Third, paying for rising health care costs during one's working years can make it more difficult to allocate income to save for retirement. In addition, rising health care costs can increase the overall amount individuals may need to save to ensure they have an adequate income once they retire. The GAO says many retirees spend large shares of their income on health-related expenses, including out-of-pocket costs and premiums, and that out-of-pocket spending generally rises as people age. For example, on a per person basis, in 2012, out-of-pocket health care spending was nearly 3.5 times higher for individuals age 65 or older compared to those ages 19 to 64.

 

The GAO Report says the rising cost of health care later in life could be daunting for younger generations given increases in average life expectancy and health care needs in a person's final years, making retirement planning even more important. As greater responsibility is shifting to individuals for assuring their own retirement security, some societal trends -such as increases in life expectancy and changes in household composition-have the potential to increase economic vulnerability for retirees.

 

So, given their concerns, what does the GAO recommend? The GAO Report calls for Congress to consider establishing an independent commission to comprehensively examine the U.S. retirement system and make recommendations to clarify key policy goals for the system and improve how the nation can promote more stable retirement security.

 

In particular, the GAO calls for action to address these policy goals:

  • (1)  Promoting universal access to a retirement savings vehicle, as about one-third of U.S. workers do not have access to an employer-sponsored retirement plan.
  • (2)  Ensuring retirement income adequacy, as many Americans are at risk of relying solely on Social Security in retirement.
  • (3)  Improving options for the spend-down of savings in retirement, as retirement plans may not provide sufficient tools to aid retirees in achieving this goal.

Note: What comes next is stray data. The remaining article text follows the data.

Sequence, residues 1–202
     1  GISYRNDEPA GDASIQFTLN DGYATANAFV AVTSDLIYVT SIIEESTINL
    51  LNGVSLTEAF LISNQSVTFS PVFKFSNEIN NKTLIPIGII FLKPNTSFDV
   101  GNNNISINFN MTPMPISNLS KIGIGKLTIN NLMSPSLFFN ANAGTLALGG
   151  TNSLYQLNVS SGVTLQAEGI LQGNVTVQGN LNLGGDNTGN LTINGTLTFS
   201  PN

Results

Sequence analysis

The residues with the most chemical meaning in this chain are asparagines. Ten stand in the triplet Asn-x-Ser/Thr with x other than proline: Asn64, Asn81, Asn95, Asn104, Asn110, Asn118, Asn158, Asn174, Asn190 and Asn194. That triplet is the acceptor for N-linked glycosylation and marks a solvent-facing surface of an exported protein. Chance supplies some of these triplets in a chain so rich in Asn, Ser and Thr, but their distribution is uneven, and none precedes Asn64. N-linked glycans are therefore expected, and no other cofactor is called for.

• (4)  Reducing complexity and risk in retirement plans for both participants and employers, as decisions related to managing retirement savings and plan sponsorship have reached a level of complexity that participants and plan sponsors, respectively, find difficult to navigate.
  • (5)  Stabilizing fiscal exposure to the federal government, because as the number of retirees increases, so does the financial stress on government programs serving the aging population.

 

Tax Warrior Perspective

Would Uncle Sam ever consider a “matching” contribution to your retirement account? Current retirement saving credits are for very low income. Providing a match may be better than a credit since the Treasury wouldn’t have to pay it until you’re retired, though they’d must figure out a way to eventually fund those obligations.  

 

Or they might reduce your student debt 50 cents on the dollar for IRA/401(k) contributions. Again, it promotes saving for those who are less likely to save, and it may help the student debt crisis. Just some ideas to consider.

 

No one knows what a new tax law would look like. Though the President and Congress agree on some ideas, there is still much debate between them.  As always, The Tax Warriors® will follow developments, offer our take on progress and be ready to plan for our clients as changes develop over the next few months.

Topics: Tax Deductions, congress, Tax reform, GAO, IRA, 401(k), Trump, retirement contributions, retirement income, employer-sponsored plans